It’s Time to Fall Back … And Into a Few Days of Sleepless Nights

Time ChangeWhen Daylight Savings Time ends this weekend, many will be affected by the change, even though we’re “supposedly” getting an extra hour.

So why does this make our sleep so out-of-whack? Simple – we’ve gotten used to a certain pattern and any sudden shift is going to make our bodies, for lack of a better phrase, freak out. Our internal clock will be out of sync and mismatched with our current day-night cycle. How well we adapt depends on several things.

Generally, losing an hour in the spring is more difficult to adjust to than gaining an hour in the fall. It may seem simple, but a good rule of thumb is that it takes an additional day to adjust for each hour of time change. If you regularly get 7-8 hours of sleep per night, and go to bed at 11 p.m., try going to bed at 10 p.m. for the next several nights and by Sunday morning, when the time actually does change, your body will be naturally adjusted to the new system.

Sleep is like food for the brain. When you sleep, important body functions and brain activity occur, and skipping sleep – whether intentional or unintentional – can be harmful. Not only can it affect the way you think and the way you look, it can be deadly, too. If you’re behind the wheel of a car and you fall asleep, you can risk injury or death to yourself and others. Sleepiness makes it hard to get along with others, it makes you moody and it affects the way you work and complete projects.

A brain that is hungry for sleep will get it, even when you don’t expect it. More than 100,000 car crashes every year occur because the driver is tired.

Sleep is vital to your well-being. It’s as important as the air you breathe, the water you drink and the food you eat. For teens, there are several important facts you need to keep in mind:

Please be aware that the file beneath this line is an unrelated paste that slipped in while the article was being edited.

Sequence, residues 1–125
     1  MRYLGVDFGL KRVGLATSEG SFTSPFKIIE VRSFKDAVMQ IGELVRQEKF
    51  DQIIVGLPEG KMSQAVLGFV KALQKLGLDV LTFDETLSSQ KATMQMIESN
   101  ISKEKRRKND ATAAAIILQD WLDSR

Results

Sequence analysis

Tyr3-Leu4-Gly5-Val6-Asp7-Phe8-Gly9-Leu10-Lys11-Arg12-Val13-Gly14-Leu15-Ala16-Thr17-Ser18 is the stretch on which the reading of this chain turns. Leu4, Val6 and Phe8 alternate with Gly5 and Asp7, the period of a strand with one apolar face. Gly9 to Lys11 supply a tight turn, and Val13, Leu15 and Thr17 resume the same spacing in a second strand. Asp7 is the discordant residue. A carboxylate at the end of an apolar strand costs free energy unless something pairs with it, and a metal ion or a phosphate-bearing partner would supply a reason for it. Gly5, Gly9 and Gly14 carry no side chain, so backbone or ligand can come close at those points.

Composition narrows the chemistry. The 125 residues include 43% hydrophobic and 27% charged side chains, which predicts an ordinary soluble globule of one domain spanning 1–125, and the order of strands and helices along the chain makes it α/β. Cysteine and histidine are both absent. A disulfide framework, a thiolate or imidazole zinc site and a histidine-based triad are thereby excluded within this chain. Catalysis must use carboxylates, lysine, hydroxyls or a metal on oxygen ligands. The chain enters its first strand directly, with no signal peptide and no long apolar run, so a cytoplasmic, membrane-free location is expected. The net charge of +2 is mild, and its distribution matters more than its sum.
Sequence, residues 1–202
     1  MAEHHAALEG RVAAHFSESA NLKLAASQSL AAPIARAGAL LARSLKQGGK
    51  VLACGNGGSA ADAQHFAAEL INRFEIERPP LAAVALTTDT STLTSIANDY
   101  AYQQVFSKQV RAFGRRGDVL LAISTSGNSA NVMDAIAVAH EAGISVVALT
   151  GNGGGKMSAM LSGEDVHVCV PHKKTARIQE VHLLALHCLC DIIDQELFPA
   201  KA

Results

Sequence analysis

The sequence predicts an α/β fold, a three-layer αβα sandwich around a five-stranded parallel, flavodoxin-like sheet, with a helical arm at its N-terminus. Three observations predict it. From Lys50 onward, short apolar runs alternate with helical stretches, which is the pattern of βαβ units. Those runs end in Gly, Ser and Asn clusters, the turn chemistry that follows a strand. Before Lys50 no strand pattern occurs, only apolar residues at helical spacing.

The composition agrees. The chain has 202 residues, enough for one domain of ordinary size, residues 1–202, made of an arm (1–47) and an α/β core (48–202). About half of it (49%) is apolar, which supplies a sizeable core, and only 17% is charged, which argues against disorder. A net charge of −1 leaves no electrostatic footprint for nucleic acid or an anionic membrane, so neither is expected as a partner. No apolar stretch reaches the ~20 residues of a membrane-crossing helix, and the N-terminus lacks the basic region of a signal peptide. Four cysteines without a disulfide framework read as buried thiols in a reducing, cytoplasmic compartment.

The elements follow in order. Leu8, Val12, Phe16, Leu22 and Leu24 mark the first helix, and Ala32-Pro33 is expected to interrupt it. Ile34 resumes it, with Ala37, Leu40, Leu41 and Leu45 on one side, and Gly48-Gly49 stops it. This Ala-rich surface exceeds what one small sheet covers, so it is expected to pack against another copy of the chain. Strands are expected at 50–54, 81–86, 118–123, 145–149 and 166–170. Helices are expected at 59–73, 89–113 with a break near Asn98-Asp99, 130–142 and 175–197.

• Teens’ sleep patterns naturally tend to shift toward later times for both sleeping and waking – meaning its natural to not be able to fall asleep before 11 p.m.
  • Teens need 9-10 hours of sleep each night to function best. Some can get by on 8-9 hours, but on average, teens do need at least 9 hours of sleep. Studies have found that only 15% of teens reported sleeping over 8 hours per night on school nights.
  • Teens tend to have irregular sleep patterns across the week: staying up late and getting up late on weekends, which can affect their biological clocks
  • Teens that don’t get enough sleep can suffer from treatable sleep disorders, such as narcolepsy, insomnia, restless leg syndrome and sleep apnea

What can you do to help? As parents, you want the best for your kids, no matter what. As teens, you want to do the best you can to please your parents, your teachers and your friends. Here are some helpful tips:

  1. Make your sleeping area a haven. Keep it cool, quiet and dark. If you need to, get eyeshades or blackout curtains. In the mornings, get into natural light as soon as possible to get your body in the “wake up” mode.
  2. Make sleep a priority. If you find yourself dozing off, getting irritable, not paying attention when you should – keep a sleep diary for a week or two and make adjustments where you can so you can get the sleep you need.
  3. Naps can help pick you up and help you work more efficiently. Plan them right.
  4. Avoid taking pills to make you sleep or replace sleep.
  5. Don’t consume caffeine close to bed time (at least 3 hours prior to your bed time).
  6. Establish sleeping and waking times and stick to them as much as possible.
  7. Don’t eat, drink or exercise within 2-3 hours of your bedtime.
  8. Try to avoid doing heavy work right before bedtime, like homework or physical activities (chores). Also plan to leave electronics alone at least an hour before bed. This will give your brain time to shut down and get in the mood to sleep.
  9. Establish a routine for your pre bedtime. Your body will naturally understand that when you take certain steps, and do certain things, it will get in the mood to sleep and your sleep will be deeper and more satisfying.
  10. Keep a to-do list. This will help if you have a busy brain that is always thinking of the things you have to do. Make your to do list 2-3 hours before bedtime and don’t keep it by your bed so you won’t think of it last thing before you go to sleep or first thing when you wake up.

While there may be some tired or groggy people hitting the streets on Monday morning, you don’t have to be one of them! Try some of the suggestions listed here and let me know how they’re working out for you.

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